Researching Advanced Imaging and Perioperative Brain Health in Basel, Switzerland

“…we’re still looking into the black box when we look at the brain.”

December, 2020
By Sandra Gordon for ASA

In this Q&A, Nicolai Goettel, MD, Senior Consultant in Anesthesiology at the University Hospital Basel and Research Group Leader at the University of Basel, Switzerland, discusses his research with postoperative cognitive decline and structural MRI.

Q: Dr. Goettel, can you tell us about you and your background?
As a clinician-scientist at the University of Basel, I’ve been doing cognitive outcomes research for the past seven years, focusing on postoperative delirium (POD) and postoperative cognitive dysfunction (POCD), which are now known as perioperative neurocognitive disorders (PNDs) under a new nomenclature.

The occurrence of PNDs has a huge economic impact and leads to patient-related adverse outcomes such as loss of independence and increased mortality. Even though we have a new definition and speak a common scientific language, it’s often difficult to compare studies due to substantial differences in methodology. Ideally, there should be a more cooperative and straight-forward approach to this type of research. Most research investigations that deal with POD and POCD are hypothesis-generating. I think some of it is based on the fact we’re still looking into the black box when we look at the brain.

In any event, I chose neuroanesthesiology as my profession and neurocognitive outcomes of surgery and anesthesia as my research field, because I’m convinced that the most interesting scientific endeavors and discoveries in the years to come are going to be related to the human brain. I simply wanted to be part of that journey.

Q: Can you tell us about your recent research with POCD and structural MRI?
At the University of Basel, we looked at 70 patients over the age of 65 years undergoing major, noncardiac surgery. We administered an extensive preoperative neurocognitive assessment, as well as structural MRI to those patients before, and three months, and one year after surgery. We are fortunate to have an exceptional collaboration with the University of Basel’s geriatric hospital affiliated Memory Clinic, which is one of the most prolific memory clinics in Switzerland. For this study, we applied neuropsychological test batteries used in the diagnosis of Alzheimer’s disease to our needs, testing patients in multiple cognitive domains, such as verbal and visual memory, language, and executive function.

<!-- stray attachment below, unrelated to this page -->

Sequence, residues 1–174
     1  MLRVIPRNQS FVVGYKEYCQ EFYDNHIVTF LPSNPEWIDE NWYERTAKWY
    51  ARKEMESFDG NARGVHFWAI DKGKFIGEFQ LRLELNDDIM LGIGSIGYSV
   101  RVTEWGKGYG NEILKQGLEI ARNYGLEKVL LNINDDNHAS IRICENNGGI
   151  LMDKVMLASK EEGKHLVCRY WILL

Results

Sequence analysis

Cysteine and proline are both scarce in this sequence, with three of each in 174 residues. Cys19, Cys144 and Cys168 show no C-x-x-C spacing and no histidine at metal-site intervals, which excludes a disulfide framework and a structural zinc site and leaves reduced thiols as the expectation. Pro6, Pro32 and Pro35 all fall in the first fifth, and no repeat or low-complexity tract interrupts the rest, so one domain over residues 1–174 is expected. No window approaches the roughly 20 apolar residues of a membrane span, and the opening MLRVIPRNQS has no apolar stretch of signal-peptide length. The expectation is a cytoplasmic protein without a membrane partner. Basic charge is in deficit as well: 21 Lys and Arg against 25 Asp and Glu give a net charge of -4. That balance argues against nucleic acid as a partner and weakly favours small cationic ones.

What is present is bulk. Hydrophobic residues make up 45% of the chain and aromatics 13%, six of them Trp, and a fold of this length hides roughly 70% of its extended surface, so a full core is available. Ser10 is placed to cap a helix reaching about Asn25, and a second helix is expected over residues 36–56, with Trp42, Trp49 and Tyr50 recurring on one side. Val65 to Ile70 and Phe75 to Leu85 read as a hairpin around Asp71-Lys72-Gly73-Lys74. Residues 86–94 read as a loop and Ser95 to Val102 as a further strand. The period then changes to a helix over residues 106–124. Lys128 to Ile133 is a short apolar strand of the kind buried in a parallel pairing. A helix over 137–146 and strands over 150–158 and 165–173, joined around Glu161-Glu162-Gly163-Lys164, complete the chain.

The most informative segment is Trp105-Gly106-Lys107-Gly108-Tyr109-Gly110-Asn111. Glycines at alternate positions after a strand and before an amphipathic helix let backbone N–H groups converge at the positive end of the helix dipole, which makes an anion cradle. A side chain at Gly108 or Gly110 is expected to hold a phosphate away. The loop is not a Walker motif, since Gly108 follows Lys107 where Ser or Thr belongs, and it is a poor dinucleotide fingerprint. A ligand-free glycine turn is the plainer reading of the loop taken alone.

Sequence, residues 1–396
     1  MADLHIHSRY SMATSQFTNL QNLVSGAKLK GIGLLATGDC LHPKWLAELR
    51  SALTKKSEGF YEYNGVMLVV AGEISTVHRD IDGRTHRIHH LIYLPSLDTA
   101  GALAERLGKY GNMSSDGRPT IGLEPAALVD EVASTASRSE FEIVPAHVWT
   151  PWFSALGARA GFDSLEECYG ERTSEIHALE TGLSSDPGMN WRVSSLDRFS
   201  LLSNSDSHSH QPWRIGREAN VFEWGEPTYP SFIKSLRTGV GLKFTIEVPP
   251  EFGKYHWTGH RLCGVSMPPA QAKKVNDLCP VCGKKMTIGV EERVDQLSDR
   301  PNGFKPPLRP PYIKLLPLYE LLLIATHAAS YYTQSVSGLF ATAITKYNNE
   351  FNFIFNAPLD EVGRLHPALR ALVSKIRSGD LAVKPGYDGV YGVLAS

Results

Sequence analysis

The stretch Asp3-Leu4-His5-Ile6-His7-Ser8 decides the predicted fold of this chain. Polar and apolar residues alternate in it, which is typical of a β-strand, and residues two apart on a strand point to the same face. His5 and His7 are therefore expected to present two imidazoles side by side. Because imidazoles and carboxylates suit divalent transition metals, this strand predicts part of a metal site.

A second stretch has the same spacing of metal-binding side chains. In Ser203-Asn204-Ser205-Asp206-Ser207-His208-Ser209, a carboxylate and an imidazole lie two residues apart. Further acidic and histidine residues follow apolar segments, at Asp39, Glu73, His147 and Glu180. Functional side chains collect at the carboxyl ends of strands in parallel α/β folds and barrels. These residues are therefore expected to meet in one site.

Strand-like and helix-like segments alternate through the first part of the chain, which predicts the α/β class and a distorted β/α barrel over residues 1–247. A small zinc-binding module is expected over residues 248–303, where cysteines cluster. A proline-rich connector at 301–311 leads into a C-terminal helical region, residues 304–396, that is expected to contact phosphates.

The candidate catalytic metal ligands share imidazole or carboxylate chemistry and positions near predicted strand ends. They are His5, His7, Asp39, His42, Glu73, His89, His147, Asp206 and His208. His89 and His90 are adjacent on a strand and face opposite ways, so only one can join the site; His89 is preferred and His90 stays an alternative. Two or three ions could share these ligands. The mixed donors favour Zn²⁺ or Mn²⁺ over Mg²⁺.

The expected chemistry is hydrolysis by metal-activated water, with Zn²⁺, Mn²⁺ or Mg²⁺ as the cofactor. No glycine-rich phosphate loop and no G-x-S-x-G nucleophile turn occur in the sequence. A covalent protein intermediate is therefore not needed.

Patients underwent surgery under a standardized anesthesia protocol. Then, we performed longitudinal neurocognitive testing and MRI. We included a group of non-surgical controls, matched to age, sex, and education, to take into account the natural rate of cerebral atrophy in healthy adults. Every year of life, the cerebral volume, the total brain mass, decreases by about 0.1% to 0.3%, starting at a relatively young age, and accelerating with increasing age. It’s just a part of the normal aging process. The question is: Is that brain atrophy faster or more pronounced in patients who undergo surgery somewhere along the line, or not?

Q: Can you reveal the results of your study?
We haven’t finishing analyzing the results, but I had a sneak peek. The results aren’t as promising as we thought, which reflects the literature. Other studies are very heterogenous and sometimes even contradicting when it comes to anatomical biomarkers of POCD.

Keep in mind that doing those studies is extremely complex, difficult and expensive, especially when POCD is the aim. You always need a pre- and a postoperative neuropsychological test to compare, and the timing needs to be right. On top of that, with POCD, the cognitive changes are sometimes very subtle. Other large longitudinal cohort studies, such as the SAGES, BioCog, INTUIT, and TORIE projects, are on the way and may shed some light on the cerebral imaging correlates of PNDs. Perioperative cognitive outcomes research based on MRI is increasingly popular.